But it never happened. I was so skinny, raggedly looking, and obviously up to no good that as long as I stayed away from the things that kids could thieve, like cigarettes and knives, no one paid me any mind. Nobody thought I could shoplift LPs anyway.

Rainy days became my friend and my record collection grew, watered by the frequent Houston rains. It wasn’t until I started branching out that my thieving came to an end. I made the mistake of trying to steal some more marijuana brass belt buckles from the outdoor flea market off of Bissonnett, a place called the “Common Market.”

Those folks knew a thief from a mile away, and the minute I tried to palm one of the belt buckles a big fat lady with scars on her fists damn near jerked my arm off and dragged me over to the security guard, who was an off-duty Houston cop. He shook me so hard I thought my teeth would come loose and he would have done worse had I not been there with my parents, who shamefully took possession of me as the vendor and the cop yelled as loud as they could, “You bring your little thieving punk-ass brat back here again and we’ll beat his ass!”

It was excellent entertainment for the other flea market patrons and created enough of a disturbance, no doubt, for other of the little thieves to palm a gewgaw or two, but it was the end of my thieving. I realized that that cop really would have beaten my ass, and the fat lady, too. My parents were oddly enough, not angry. They were something worse: Embarrassed.

Their worthless kid stealing drug-paraphernalia embossed accessories at a flea market, and not even doing it well. We got home and no one said anything about it, which was pretty terrible, except my brother. “You fucking dork,” he said. “Don’t ever steal shit at the Common Market. What kind of dope are you? You’re lucky they didn’t stab you to death. I’m not.” I quit thieving but didn’t return my record collection to the fine corporate folks at Eagle.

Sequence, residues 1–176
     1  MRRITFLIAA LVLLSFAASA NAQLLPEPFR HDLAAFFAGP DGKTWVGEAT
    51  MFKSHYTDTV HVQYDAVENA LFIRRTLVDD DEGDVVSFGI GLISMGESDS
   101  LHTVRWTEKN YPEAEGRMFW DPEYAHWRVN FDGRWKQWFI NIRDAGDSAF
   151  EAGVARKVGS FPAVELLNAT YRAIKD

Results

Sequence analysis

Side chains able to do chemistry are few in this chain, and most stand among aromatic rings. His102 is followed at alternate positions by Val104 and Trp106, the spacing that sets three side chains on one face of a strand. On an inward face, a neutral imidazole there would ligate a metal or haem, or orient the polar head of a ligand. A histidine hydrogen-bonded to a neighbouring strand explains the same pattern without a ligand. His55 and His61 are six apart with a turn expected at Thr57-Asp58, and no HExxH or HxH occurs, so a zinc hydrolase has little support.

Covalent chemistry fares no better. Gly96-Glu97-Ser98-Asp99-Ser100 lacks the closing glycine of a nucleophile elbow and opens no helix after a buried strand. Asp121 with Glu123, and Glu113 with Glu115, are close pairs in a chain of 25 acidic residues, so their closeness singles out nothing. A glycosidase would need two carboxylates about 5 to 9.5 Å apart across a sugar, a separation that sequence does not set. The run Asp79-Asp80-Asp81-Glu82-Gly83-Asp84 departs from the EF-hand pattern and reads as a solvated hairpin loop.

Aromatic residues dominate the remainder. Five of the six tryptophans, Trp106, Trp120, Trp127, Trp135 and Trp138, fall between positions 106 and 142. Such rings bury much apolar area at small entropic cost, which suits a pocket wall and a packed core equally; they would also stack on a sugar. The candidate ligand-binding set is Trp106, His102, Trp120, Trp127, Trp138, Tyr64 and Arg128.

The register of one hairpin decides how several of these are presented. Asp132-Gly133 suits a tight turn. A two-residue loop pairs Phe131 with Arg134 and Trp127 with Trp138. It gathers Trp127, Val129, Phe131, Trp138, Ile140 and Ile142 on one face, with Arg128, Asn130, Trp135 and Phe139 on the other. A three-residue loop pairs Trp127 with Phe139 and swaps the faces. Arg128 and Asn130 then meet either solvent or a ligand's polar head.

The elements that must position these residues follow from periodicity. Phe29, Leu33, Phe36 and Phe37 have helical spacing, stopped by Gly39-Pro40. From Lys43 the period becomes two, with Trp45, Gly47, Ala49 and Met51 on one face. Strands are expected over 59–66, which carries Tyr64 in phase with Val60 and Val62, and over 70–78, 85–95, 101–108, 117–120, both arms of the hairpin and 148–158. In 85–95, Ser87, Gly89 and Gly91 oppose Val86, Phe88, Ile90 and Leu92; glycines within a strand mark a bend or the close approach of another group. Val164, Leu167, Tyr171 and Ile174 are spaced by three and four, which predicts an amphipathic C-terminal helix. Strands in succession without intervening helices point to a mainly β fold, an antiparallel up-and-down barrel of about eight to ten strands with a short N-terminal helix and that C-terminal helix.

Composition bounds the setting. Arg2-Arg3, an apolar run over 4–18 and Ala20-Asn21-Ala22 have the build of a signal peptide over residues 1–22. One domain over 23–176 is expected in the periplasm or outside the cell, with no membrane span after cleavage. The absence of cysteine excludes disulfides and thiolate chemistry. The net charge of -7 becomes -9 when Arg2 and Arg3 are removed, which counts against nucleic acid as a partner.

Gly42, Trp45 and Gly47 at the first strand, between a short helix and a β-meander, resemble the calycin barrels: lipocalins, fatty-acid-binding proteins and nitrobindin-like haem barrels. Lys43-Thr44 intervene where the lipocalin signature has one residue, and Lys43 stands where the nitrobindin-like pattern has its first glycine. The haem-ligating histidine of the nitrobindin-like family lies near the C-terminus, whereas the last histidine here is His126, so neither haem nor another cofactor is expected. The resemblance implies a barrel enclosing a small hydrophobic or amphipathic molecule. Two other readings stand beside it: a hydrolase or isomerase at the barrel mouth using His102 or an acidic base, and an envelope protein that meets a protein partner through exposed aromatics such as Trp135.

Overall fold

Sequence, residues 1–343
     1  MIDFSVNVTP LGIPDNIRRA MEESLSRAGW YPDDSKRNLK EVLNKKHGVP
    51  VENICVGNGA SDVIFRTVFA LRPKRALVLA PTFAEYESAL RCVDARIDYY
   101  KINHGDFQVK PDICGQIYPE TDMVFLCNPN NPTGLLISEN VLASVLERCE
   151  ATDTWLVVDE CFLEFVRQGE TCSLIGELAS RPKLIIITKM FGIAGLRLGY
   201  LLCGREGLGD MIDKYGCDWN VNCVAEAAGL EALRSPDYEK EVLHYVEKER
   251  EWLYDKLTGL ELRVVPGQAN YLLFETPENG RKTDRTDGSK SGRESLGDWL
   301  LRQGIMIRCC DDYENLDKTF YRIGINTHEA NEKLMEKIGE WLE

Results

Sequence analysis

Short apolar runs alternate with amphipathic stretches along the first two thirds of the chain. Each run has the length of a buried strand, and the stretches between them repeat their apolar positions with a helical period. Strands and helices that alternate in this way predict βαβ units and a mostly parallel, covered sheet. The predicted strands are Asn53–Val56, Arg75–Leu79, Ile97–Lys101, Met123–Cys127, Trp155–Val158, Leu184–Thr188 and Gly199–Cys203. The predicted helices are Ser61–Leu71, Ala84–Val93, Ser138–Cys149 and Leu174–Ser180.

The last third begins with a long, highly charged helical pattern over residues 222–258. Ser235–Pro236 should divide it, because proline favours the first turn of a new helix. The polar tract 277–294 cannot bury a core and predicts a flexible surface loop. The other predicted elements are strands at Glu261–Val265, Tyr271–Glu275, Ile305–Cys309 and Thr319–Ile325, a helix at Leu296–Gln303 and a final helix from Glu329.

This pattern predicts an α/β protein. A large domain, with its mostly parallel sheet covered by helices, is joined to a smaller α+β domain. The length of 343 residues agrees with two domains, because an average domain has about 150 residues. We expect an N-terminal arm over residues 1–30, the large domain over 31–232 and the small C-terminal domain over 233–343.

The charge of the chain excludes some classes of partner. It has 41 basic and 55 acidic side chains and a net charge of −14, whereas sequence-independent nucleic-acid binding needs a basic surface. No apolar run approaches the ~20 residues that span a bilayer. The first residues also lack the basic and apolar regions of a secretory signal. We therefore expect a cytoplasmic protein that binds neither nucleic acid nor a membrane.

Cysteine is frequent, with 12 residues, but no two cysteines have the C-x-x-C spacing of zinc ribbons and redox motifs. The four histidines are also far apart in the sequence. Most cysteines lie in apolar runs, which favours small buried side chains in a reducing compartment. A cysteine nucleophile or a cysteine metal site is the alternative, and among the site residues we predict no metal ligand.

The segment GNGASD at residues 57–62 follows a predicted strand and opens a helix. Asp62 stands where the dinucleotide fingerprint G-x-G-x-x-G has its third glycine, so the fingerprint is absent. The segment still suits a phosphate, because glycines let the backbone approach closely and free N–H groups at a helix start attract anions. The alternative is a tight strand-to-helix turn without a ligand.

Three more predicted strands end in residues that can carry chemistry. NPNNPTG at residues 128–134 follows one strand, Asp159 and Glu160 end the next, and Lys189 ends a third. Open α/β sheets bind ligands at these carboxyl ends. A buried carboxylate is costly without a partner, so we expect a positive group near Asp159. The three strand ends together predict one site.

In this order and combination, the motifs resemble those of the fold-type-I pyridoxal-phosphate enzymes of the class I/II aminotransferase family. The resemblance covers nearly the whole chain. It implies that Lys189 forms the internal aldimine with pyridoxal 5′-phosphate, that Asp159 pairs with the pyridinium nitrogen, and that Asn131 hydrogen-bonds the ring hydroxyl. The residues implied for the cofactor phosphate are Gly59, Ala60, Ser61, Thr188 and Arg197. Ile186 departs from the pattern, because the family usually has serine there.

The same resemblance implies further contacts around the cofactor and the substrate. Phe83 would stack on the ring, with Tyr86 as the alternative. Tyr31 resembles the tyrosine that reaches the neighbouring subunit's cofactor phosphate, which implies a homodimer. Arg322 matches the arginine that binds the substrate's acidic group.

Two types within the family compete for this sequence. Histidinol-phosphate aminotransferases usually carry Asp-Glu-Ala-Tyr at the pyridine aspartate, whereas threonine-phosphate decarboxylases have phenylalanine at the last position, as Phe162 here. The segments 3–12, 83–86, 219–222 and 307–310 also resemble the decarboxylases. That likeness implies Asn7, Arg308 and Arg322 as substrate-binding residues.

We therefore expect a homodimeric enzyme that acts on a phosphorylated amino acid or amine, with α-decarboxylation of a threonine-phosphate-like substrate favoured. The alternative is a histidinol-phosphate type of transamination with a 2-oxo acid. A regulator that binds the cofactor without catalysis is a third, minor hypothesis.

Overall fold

So I can’t fault the guy at my local supermarket for marking me as thief, even though he’s about forty years after the commission of my last crime, for which he would have jurisdictional and statute of limitations issues galore.

Anyway, yesterday I was checking out and he came over to tell me how to properly ring up the Fresno peppers.

“I’ve done this about a hundred times,” I said.

“Okay,” he said. Then he stood behind me and watched.

“Do you want to do it?” I asked him.

“Yes,” he said.

“Okay,” I said. I actually had a large amount of items in addition to the peppers. Eggs, milk, onions, taters, green onions, spinach, Brussels sprouts, butter, raisins, olive oil, a chicken, a bag of sugar for the hummingbirds, carrots, celery, toothpaste, floss, and some chocolate chips, also for the hummingbirds.

The guy walked up to the machine and started suspiciously checking my items. I walked out of the store, leaving him there with a huge basket of items. I never went back.


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Don’t feel the reaper

June 16, 2020 § 17 Comments

Back before there was internets and covids, words was a lot of trouble, especially song words. Rock musicians wasn’t great at “enunciatin'” as my grandpa called it, and it was usually impossible to understand anything singers sang. Lyrics wasn’t printed on the album cover because that was precious real estate for cool artwork that consumers stared at between bong hits.

It was hard to even know the name of a song if you were listening to it in a friend’s car on some cassette tape he’d dubbed his favorite music onto. So I went through teenagerdom not knowing most of the lyrics and fewer of the song titles of the music I liked, listened to on the radio, or was forced to listen to by girlfriends and others.